The search engine optimization industry has exploded into a multi-billion dollar market, creating one of the most cut-throat sectors to come from the dot com boom.
Because of the fierce competition in the industry, some search engine optimization firms began using tactics that the search engines have labeled as “black-hat”, or “illegal”, in the search engine world. The “Big 3” (Google, Yahoo, and MSN) have all issued rules and guidelines listing several of these black-hat tactics. Failure to comply with these guidelines will most likely get you de-indexed, or worse, banned from the search engines white label internet marketing tools.
Generally, black-hat is the “intentional deception of search engines” to gain ranking or popularity in search engine listings. Keep in mind, many of the tactics discussed below have valid and legitimate uses.
Keyword stuffing is the most commonly abused tactic currently. Keyword stuffing is the intentional overuse of a particular term or phrase in hopes of achieving higher search engine rankings for that term or phrase. The best way to avoid this is to fill your page with text that was written naturally and do not over use your target phrase. Often keyword stuffing leads to sentences sounding funny or awkward. Many instances of keyword stuffing appear at the bottom of a web page with a term or phrase repeated over and over, or with slight variations to the term.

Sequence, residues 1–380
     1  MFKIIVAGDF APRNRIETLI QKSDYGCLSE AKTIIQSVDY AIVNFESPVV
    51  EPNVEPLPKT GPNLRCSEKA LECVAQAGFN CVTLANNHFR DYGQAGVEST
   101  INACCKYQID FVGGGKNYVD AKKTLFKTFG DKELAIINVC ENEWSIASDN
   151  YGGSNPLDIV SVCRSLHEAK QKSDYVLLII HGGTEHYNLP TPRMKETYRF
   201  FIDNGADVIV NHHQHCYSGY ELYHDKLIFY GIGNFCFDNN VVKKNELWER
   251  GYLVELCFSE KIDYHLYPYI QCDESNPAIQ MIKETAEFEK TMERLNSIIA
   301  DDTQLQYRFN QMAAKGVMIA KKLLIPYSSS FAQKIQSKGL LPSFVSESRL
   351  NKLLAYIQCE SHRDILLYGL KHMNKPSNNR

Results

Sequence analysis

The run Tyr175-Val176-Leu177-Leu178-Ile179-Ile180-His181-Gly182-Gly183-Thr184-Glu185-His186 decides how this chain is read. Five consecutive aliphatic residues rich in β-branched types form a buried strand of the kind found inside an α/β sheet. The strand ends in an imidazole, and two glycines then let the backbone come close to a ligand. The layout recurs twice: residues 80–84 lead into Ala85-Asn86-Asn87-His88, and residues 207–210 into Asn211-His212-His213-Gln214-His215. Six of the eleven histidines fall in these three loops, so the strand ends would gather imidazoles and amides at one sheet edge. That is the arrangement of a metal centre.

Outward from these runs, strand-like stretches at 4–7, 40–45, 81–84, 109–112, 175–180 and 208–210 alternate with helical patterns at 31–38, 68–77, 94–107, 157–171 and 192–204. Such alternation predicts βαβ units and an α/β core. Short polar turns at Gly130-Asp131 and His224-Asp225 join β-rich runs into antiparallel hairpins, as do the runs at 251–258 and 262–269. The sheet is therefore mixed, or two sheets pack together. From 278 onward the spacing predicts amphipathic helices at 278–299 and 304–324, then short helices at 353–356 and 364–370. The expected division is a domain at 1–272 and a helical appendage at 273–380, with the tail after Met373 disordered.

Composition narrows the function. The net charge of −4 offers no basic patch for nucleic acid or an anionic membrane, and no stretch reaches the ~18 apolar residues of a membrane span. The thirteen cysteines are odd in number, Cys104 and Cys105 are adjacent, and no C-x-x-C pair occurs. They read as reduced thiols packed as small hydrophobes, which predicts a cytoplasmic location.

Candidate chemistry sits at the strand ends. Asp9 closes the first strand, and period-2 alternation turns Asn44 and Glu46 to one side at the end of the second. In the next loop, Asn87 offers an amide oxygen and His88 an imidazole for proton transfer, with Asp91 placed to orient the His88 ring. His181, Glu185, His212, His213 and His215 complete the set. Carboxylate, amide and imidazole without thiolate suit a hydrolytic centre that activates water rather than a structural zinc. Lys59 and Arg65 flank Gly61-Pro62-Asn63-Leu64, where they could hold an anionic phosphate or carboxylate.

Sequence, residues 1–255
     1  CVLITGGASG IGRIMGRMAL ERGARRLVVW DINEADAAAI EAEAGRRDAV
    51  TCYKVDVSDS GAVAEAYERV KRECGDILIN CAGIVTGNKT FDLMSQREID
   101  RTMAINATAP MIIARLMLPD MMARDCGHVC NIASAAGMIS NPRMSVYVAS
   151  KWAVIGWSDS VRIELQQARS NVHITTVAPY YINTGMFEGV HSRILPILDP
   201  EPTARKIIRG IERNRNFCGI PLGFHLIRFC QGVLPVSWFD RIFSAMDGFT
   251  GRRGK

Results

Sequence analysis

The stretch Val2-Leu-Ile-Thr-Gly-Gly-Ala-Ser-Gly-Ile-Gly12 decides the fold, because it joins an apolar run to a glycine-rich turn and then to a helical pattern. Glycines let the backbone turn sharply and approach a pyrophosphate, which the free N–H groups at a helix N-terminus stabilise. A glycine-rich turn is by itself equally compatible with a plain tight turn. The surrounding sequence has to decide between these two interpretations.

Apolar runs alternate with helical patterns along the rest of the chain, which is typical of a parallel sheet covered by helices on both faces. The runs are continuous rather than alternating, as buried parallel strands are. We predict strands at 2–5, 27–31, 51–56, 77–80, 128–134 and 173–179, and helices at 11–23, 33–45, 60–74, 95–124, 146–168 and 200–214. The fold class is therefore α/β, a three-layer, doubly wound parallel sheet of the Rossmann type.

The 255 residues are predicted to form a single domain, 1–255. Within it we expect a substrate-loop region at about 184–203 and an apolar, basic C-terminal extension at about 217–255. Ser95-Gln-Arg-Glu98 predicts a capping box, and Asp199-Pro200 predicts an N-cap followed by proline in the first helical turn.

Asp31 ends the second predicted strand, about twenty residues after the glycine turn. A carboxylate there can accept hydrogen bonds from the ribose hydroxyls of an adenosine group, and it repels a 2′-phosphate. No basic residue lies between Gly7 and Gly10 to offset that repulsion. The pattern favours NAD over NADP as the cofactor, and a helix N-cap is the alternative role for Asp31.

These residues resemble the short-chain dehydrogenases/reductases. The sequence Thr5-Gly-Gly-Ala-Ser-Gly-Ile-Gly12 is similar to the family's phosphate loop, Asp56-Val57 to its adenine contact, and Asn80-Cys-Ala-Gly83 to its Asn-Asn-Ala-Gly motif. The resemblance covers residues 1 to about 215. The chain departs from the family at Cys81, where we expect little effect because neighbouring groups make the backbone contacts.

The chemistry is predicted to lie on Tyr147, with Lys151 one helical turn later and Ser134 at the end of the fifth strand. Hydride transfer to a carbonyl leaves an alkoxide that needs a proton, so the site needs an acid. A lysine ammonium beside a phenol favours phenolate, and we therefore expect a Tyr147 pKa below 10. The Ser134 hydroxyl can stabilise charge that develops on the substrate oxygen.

Hidden text is setting the color of text the same as the background of a webpage. Additionally, this can be used in conjunction with keyword stuffing. By having your text and background the same color, the text or repeating phrases is invisible to human visitors but not search engine bots. Search engines now look for the color of the text and compare it to the color of the background. Some webmasters create a colored image and set it as the background to the page to avoid being detected; this tactic does circumvent the search engines, as they are not able to tell the color of an image, however, your competitors will be quick to report you to the search engines if they find you are using this strategy.
Clocking, in short, is intentionally displaying different information to human visitors than to search engines. There are numerous ways of cloaking content, and not all have been determined “black-hat”. A fairly reliable way of measuring black-hat verses white-hat cloaking is to ask yourself, “am I intentionally trying to trick the search engines?” Would you be willing to share you tactics with the search engines themselves? Black-hat cloaking will work for a short time, however, you run a high risk of having your domain banned permanently.